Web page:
Like many people, I’ve become addicted to running since the pandemic and recently took part in an ultra marathon in the run up the London marathon in October.
I went well, despite the fact that I was suffering a slight back injury at the time - an injury that needn’t have been an issue.
I’d put off seeing anyone about it thinking it wasn’t important enough to consult anyone. Until of course, it got to the stage when it was too late, and the physio berated me for not seeing him two months earlier.
What a plonker.
But there’s an important lesson in there and I used the experience in order to tell my clients: don’t struggle on alone, don’t be afraid of asking for help, always seek professional advice.
Most of my clients are au fait with this mantra – they know they can contact me outwith their reviews and ask anything they like. That’s what I’m here for. No question is a silly one. Better to ask something than none at all, and so on.
But what about prospects?
I was reminded of a couple I spoke to once in their 40s who came to see me and said that what I’d told them had been such a relief. They’d always had in the back of their minds the thought that they should be doing something about their finances – they’d been told in their twenties about compound interest and about how putting away even a pound then would be worth it in the future.
They’d ignored it, but it had been mildly nagging at them ever since. What might that pound have been worth now? What could they have missed out on? What else should they have been doing?
They therefore assumed that by the time they did ask someone about these things - some twenty years later - they’d be told that yes, they should have done something much earlier and that solving the problem now would be harder.
Little did they realise that seeking advice in your 40s is relatively early. Or that they were in a surprisingly good position.
Barriers to advice
We can sometimes forget what it’s like to contemplate seeking advice for the first time. That it can be fraught with concerns about being told bad news.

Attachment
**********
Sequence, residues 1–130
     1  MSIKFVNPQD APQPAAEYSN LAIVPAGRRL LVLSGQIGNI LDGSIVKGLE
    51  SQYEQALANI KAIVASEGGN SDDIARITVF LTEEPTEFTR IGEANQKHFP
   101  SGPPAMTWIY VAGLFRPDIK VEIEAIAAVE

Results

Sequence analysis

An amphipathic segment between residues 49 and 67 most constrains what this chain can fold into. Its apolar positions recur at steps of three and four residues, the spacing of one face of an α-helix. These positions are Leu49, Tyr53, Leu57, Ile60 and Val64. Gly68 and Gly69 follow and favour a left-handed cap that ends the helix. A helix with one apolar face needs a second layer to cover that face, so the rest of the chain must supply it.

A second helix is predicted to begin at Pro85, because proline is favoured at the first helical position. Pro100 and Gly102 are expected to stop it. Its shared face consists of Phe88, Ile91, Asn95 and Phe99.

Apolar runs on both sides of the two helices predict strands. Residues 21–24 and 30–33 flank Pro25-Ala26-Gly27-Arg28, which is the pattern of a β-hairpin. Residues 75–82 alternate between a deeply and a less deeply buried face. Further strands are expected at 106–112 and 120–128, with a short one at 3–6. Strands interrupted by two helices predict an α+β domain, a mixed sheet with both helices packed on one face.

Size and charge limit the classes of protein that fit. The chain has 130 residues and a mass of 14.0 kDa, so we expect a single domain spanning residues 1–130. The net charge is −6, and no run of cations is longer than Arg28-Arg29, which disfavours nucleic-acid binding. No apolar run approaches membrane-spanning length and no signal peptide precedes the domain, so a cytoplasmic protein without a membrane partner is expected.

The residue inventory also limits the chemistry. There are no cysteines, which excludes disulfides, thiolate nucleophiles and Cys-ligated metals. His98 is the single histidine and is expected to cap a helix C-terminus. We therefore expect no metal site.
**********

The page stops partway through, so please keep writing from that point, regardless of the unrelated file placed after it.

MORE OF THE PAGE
This is in addition to the other concerns that we’re familiar with: that people will feel embarrassed about their lack of knowledge, that the jargon will make them feel silly, that they won’t understand what they’re being told.
And the stakes are high – make a wrong decision and you could be left with more than a sore back, so probably better to do nothing at all, right?
Wrong of course, but how do we persuade people that we won’t make them feel all the above? Because it’s down to us.
I think it helps to be as transparent as possible about who we are. I know that being open and honest about my own life helps clients see me as ‘human’, ‘non-stuffy’ and approachable.
Whether it’s commenting on my marathon training (including back injury!) or the development of my business, clients understand that even though they’re seeking professional advice, they’re also talking to a normal person who, when not in front of them, is going about life like anyone else.
Not someone who’d never try to blind them with science, bamboozle them with jargon or ever make them feel bad for sticking their head in the sand – because, clearly, I do that too!
It sounds simple, but it’s something we sometimes forget to do, or don’t have time to think about. But there are opportunities everywhere if you look, just look at your communications for a start – your website’s ‘about’ page, its blog, or your regular email newsletter.
Perhaps we worry that this level of ‘revelation’ will seem unprofessional?
It’s certainly a line worth treading carefully, and it’s true that clients want to see leadership from us, an impartial sounding board as well as professional advice.
But by combining that with a little of ourselves, a little vulnerability, as little of ‘I do that too’ I believe we can help people to ‘fear’ us – and what we might tell them about their money – much less.